On our recent trip to Japan, we got a sense of the general cycling scene in Japan. Mostly characterized as mamachari (“mama chariots”), they were mostly inexpensive, Dutch-style, step-through bikes with few gears. Which makes sense, because these were mostly cross-town bikes on flat streets.
Bike parking was a big deal here. There were bike valets and multi-story bicycle parking structures, and city-mandated bicycle parking structures. Interestingly, this did not seem to be because people seemed to be worried about their bikes getting stolen so much as just needing a place to put the mass of cycles in a paucity of shared spaces. I saw incredibly nice bikes not locked up at all, or hardly more than haphazard cable lock. In one case, I saw a new and gorgeous bike which only had the saddle secured with a cable lock. It was like bicycle paradise, where you didn’t have to worry about anything getting stolen.
The cities were so incredibly dense and built-up, that there wasn’t enough room for all the free, on-street bike parking that would be needed – and that we take for granted in Portland. To manage the lack of street space in Kyoto, the City actually had mandatory paid cycle parking in certain popular neighborhoods like near the Gion geisha district. People were very orderly about it!
Even though the weather was pretty temperate in April, we also noticed a trend of certain bicycle accessories that we don’t see as often in the States, like these handwarmers on bicycle handlebars. Here was a cozy version we saw at the deer park in Nara, which is just outside Kyoto:
We rented bicycles one lovely Sunday, and took a leisurely ride around Kyoto along the river and cycle paths. It’s really the best way to get around Kyoto, which is just big enough not to be walkable, but just small enough that public transportation seemed unnecessary. Here’s Geoff on his too-small Japanese bike (we found out that they don’t carry sizes large enough for us gangly-legged Americans!). We were lucky enough to catch the end of the cherry blossoms:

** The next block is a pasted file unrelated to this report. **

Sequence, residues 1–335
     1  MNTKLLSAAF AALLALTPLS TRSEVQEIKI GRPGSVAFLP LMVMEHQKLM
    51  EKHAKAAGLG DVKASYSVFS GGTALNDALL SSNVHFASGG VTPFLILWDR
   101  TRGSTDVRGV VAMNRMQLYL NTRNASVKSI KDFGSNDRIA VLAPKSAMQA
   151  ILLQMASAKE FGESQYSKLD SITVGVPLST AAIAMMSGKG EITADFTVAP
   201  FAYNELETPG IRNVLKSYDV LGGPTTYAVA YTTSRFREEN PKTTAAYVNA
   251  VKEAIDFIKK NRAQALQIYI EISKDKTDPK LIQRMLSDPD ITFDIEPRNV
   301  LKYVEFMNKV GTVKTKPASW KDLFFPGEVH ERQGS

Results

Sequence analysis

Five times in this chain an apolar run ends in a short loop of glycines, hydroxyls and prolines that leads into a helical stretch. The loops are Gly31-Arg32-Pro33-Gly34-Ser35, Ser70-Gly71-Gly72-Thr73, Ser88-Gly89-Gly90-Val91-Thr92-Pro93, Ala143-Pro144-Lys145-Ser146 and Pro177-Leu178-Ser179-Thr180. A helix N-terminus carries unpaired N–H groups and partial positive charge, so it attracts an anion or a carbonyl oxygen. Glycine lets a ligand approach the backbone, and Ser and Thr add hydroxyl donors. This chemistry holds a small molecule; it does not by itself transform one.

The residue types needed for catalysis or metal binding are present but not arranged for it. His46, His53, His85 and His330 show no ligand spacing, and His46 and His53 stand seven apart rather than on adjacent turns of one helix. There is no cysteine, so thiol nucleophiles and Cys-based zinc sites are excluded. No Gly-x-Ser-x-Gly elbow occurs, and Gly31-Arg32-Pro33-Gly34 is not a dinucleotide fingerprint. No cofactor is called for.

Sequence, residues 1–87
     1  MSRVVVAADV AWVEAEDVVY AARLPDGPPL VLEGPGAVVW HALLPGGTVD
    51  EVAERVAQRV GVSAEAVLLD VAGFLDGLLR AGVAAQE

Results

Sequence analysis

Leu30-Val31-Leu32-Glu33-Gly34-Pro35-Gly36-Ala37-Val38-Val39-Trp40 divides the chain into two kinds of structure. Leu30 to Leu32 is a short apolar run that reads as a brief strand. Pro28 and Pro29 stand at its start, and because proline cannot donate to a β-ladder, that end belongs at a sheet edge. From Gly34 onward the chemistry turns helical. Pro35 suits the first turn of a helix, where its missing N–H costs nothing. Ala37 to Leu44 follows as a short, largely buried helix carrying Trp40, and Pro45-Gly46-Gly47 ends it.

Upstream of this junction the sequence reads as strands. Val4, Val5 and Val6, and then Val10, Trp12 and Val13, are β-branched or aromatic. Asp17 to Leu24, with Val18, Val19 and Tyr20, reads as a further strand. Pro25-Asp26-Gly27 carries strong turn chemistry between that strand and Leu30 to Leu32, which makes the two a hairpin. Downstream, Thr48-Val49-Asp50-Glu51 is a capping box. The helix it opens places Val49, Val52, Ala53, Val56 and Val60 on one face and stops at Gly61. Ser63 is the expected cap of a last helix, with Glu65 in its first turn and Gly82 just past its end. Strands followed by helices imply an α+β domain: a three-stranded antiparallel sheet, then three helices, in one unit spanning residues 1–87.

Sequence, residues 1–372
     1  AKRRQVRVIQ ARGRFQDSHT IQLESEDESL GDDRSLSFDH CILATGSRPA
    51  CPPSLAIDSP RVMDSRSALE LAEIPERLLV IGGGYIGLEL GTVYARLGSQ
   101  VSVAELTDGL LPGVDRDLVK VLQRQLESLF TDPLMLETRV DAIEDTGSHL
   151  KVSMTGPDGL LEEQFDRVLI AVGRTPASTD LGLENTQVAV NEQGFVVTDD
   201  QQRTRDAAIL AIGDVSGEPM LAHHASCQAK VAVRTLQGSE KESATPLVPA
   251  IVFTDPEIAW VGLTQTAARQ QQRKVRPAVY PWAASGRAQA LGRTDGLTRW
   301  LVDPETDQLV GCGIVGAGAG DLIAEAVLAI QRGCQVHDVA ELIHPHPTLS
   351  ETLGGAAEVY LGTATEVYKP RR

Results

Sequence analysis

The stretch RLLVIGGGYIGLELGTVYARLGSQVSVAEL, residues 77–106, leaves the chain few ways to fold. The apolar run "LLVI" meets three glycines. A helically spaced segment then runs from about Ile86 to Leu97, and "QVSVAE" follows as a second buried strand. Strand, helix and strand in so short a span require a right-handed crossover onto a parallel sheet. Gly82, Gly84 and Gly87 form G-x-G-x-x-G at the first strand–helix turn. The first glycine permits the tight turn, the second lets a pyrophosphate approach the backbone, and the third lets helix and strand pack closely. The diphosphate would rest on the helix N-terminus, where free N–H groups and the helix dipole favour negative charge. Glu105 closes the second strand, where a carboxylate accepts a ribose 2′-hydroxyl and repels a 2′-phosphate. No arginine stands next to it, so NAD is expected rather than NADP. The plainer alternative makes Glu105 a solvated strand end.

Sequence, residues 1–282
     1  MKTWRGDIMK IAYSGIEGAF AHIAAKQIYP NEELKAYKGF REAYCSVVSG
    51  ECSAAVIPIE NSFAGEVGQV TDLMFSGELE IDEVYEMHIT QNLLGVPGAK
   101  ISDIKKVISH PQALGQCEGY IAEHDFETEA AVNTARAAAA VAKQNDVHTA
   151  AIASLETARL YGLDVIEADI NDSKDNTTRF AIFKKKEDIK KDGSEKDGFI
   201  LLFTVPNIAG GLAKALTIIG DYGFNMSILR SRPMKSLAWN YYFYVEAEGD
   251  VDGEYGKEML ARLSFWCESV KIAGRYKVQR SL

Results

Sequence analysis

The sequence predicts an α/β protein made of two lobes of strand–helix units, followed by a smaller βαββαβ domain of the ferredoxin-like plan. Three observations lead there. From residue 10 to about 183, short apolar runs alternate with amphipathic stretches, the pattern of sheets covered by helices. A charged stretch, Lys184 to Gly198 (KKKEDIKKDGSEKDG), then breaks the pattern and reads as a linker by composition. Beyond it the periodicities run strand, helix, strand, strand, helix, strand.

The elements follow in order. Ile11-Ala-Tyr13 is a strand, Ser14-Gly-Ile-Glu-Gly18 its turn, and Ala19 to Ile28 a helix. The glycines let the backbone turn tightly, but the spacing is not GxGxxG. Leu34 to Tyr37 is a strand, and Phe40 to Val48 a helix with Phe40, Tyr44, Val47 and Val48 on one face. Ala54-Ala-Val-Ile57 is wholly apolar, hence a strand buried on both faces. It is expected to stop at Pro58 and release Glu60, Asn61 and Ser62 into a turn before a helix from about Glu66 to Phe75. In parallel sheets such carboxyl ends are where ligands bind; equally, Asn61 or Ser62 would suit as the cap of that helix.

Along the river, we saw hordes of young people and their bikes spread out on matching blue tarps, eating pizza and playing music. What a great way to spend a Sunday, to bike to the river and meet your friends for a picnic. Again, not many locks. They know how to do it right:
Traveling on to Tokyo, we saw more variety in the bikes, both those with more of a sense of a fashion, and more utilitarian. Here is a true utility bike that looks like it came straight out of Jiro Dreams of Sushi, a cargo bike at the world-famous Tsukiji Fish Market.
With a denser city, there was also more interesting cycling infrastructure. This particular corner seemed a bit overbuilt and strangely one-sided to me:
I liked the style of the cyclist crossing signs – what a dapper gentleman cyclist:
In the hipster district in Minato-ku, we saw people putting more personal style on their bikes. This looked like a good DIY project, a repurposed denim saddle cover, although personally I would spray it with Scotchguard to make it an effective saddle cover from the rain:
I actually saw more everyday cyclists in Japan than Vietnam, but it’s such a utilitarian necessity living in the city, that the majority of cyclists don’t put too much thought into their bicycles. That is a huge generalization of course, because in my next post I’ll talk about the people we met at the Tokyo Bicycle Swap Meet, and you can see that there are passionate cyclists there who care very much about their bikes.
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